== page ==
We both shared tears.
    Eric

  • Thank You for this Caitlin.
    Simply Stellar !
    Love is All that ever matters especially when . . .
    “They’re shutting off the lights”

  • I’m having a hard time seeing well enough to type this…and I truly hope that it isn’t you or someone dear to you.
    You are amazing nonetheless, Caitlin. I hope I meet you across the bridge someday.

  • Honest, beautiful, and true…

  • I hope this isn’t about Tim Foley, for Caitlin’s sake. Whoever it’s about, I teared up. My sympathies.

  • My Heart is with you.

    Your beautiful tribute is LOVE in every word. LOVE made tangible. LOVE released into the beyond.

    Like you, I sat at my husband’s bedside holding his fragile hand. Wondering how we got there, dreams undone.

    Your poem is an opportunity to LOVE Bill again today.

    Thank you for sharing your Heart with us.

    LOVE,
    Susan

  • Dear Caitlin, i don’t know why you coined such lyrics.. woke up middle of the night to whet my thirst and found this on my tab! Is there something not right? i love reading your newsletter.. but this one gave me shudders. Lost an old friend lately and didn’t have time to say goodbye.. Life can be cruel at time! Keep doing what you do. You’ve made a difference in our world!

  • Beautiful! Inlaws in assisted living for 5th year now (92 and 89)…we’re right here…FIL sits around in just a diaper for last year…in and out of sickcare for what seems like the last 20 years…they rarely leave the room now. MIL, former nurse, worrier\nurturer hasn’t relaxed her whole life…keeps her bag of bones barely alive through herculean effort…killing herself more and more each day…can’t get her not to. Meanwhile elephant in the room hoarder house with 40 yrs of junk sits there rotting…they “don’t want to be a burden” after all. My wife, youngest daughter, is left out of most planning\scheming by parents and older brothers. who aren’t really managing their own lives very well…feels guilty\overwhelmed but powerless…good times! Most topics we discuss end with: “and then you just end up at The Oaks in a diaper anyway”. So many life lessons if you’re paying attention…clean up your stuff before you get too old…and whatever you do…don’t end up at The Oaks.

  • At a rally in Sydney outside the NSW State Parliament in support of passage of the Assisted Dying Bill – the option that the individual might have the right to end suffering from which their can be no cure or recovery – to have some dignity to their ending – and supported by somewhere between 80 and 85% of the citizens. Your song was part of the theme of conversations I had with several others at the rally – whose parents/relatives had been in a dementia fog way beyond their years of vibrancy. A far smaller group was present as well – their placards fairly blatantly suggesting that those in support of the Bill were in support of KILLING. Quite ugly, really. The intent is not to make Assisted Dying compulsory – merely an out for those suffering – if they wish to be able to make an exit on their own terms. Thanks for your words.

    • The “far smaller group” is right, I’m afraid. Artificially shortening incurable people’s lives is inhumane because you then take away from Big Pharma a rent of situation going from daily pills to more dandy expensive stuff like MRI tests, blood tests, urine tests, regular PCR tests now, maybe an operation or two if you’re lucky… It’s the condition in which they’re the most productive with an average expense of $80K per capita in the last year of life. It’s their contribution to society, their ultimate act of patriotism that keeps them from WEF’s Yuval Noah Harari calling them useless people – i.e. people who don’t make a buck for the ruling elites.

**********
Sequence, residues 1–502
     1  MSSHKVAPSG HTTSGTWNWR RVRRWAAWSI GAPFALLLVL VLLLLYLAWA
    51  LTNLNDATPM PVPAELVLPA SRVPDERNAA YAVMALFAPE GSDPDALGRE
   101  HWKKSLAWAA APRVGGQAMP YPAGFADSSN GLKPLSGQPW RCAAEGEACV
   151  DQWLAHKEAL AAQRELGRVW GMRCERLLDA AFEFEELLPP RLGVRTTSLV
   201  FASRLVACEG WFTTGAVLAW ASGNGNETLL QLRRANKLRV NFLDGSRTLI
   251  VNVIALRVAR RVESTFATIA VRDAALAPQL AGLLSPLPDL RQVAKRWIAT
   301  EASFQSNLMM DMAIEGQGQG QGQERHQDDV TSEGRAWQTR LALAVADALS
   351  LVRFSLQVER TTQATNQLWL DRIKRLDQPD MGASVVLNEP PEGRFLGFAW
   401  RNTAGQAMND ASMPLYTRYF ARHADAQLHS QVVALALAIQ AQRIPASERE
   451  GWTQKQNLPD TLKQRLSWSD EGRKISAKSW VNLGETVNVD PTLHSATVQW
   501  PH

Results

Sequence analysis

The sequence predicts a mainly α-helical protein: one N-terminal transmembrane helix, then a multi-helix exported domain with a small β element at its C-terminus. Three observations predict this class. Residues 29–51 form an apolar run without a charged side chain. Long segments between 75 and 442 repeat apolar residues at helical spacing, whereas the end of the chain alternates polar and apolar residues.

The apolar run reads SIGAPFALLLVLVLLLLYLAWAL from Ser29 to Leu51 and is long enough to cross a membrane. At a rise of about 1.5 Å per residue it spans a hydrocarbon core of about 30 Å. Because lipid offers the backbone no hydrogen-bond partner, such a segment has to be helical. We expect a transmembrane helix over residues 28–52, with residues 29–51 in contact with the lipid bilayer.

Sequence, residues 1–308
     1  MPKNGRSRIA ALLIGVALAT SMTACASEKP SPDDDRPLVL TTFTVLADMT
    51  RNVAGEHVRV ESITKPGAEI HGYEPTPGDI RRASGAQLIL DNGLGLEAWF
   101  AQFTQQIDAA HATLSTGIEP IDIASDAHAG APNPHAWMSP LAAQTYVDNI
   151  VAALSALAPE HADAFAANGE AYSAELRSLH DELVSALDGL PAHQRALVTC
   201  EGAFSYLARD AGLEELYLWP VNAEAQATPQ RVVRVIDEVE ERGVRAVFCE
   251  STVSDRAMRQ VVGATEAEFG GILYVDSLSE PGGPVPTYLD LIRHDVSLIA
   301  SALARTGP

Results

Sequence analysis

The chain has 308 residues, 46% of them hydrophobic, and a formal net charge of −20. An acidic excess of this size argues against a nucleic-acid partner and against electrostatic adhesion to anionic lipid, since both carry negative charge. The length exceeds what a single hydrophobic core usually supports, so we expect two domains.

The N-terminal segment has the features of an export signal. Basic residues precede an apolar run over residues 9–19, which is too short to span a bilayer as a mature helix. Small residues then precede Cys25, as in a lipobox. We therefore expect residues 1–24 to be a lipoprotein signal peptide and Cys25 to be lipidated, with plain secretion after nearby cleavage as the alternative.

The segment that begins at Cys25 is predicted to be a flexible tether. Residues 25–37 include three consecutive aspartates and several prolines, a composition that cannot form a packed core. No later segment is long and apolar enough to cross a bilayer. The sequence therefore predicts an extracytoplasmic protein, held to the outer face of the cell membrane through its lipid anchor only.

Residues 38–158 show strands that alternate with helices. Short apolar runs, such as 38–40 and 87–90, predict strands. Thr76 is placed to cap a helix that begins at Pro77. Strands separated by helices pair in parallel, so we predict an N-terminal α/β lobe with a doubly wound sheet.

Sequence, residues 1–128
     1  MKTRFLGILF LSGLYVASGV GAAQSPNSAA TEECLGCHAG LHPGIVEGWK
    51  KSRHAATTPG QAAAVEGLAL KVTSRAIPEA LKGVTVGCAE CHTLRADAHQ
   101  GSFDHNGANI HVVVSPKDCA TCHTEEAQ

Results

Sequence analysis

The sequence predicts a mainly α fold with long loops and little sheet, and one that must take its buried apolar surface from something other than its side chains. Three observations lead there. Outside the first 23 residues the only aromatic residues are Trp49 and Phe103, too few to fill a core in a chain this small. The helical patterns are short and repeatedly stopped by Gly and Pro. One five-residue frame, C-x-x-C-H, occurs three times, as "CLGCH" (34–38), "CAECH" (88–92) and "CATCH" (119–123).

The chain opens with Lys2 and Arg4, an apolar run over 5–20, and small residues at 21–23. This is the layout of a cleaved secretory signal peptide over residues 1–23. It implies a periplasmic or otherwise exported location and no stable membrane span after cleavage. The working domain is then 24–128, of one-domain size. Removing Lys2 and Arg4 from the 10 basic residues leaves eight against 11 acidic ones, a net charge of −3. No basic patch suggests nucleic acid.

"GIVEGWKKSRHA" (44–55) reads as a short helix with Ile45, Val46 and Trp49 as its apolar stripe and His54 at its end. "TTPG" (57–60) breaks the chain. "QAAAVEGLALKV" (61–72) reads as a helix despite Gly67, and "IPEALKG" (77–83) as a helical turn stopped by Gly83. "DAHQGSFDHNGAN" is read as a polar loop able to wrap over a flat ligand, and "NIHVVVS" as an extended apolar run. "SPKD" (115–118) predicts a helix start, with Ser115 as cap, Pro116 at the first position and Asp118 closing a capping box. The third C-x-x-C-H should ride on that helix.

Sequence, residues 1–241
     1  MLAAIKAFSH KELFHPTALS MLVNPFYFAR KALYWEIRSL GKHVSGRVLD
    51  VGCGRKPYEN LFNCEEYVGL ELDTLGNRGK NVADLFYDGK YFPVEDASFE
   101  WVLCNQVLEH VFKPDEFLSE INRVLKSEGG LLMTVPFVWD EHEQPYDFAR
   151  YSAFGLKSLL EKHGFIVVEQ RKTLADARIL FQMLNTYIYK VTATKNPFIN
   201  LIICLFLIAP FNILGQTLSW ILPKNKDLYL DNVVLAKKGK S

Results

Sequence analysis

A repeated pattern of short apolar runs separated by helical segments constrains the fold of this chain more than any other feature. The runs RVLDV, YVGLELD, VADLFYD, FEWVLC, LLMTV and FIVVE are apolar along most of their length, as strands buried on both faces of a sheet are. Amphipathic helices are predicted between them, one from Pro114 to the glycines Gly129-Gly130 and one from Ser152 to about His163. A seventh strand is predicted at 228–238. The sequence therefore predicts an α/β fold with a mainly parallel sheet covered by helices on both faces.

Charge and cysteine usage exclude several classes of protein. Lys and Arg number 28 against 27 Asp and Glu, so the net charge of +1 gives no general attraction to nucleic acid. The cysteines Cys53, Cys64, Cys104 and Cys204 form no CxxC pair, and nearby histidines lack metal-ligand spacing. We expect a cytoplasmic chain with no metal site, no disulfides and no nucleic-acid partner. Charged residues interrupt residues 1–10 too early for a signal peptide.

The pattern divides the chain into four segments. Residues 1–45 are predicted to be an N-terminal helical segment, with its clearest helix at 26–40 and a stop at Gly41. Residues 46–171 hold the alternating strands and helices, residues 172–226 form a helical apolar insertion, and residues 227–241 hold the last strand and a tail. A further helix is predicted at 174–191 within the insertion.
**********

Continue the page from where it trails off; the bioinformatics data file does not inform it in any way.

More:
By bringing this to an abrupt end, you kill the goose that lays the golden egg and then how do you expect Big Pharma execs to change their yachts? It would be well worth their while to hire mobs to bring this humanistic viewpoint across in view of that direct threat to their bottom line!

  • i hope i could write a poem like this when my turn comes. thanks Caitlin.

  • You’re doing wonderful stuff.
    (From a 76 year old white guy from Canada – who is thoroughly disgusted with my country.)
    Take care of your self and those you love. We need you.
    Thank you
    Robert

  • beautiful

  • Ouch! We are in our 80s, wife of 60 years has Alzheimer’s…..but we have our memories.
    Frank
    UK

  • This is beautiful ! It made me break down in tears. I am 75 and my wife of 58 years has alzheimers. Thank you very much for posting this. I am going to print it to save.

    Steve Sink
    Lexington ,NC
    USA

  • So beautiful, Caitlin! I just lost my best friend to brain cancer. So sudden. 3 weeks from diagnosis to death. Here is the poem I wrote the next day

    See you at Sunset

    He is where the trees kiss the sky
    He is in the breeze that wave the leaves, Oh, Hi!
    How are ya?

    Oh, Hi, Weesie! How are ya?
    Oh, Hi, Marie-Louise, How are ya?

    He is in the light that brightens up the day
    He is in the moonbeam that shines through darkest night

    Tom was there or here, but now he’s everywhere.

    Tears of joy, tears of grief
    Don’t be sad, Weesie, don’t be sad.
    But I am sad, I am sad.
    A little angry, too.
    Why now? Why you?
    It’s not right. It’s not fair.
    Too fast, too soon.

    It’s okay, he’d probably say.
    It doesn’t matter anyway.
    It matters to me! It matters to Cat!
    It matters to Charlie and Cathy and more!
    To Stefano and Molly and Betty and John.
    To all your students and to Tom.
    To Elizabeth and Emily and so many more.
    You matter so much, deep in our core.

    Don’t say that, Miss Peesie,
    You’ll just get upset.
    Don’t think about it.
    Don’t think about it.
    Just go for a walk.
    Have something to eat.
    Practice your singing or get a good sleep.

    Okay, Tom, I can’t argue with you!
    You will have it your way.
    We’ll see you at sunset, later today.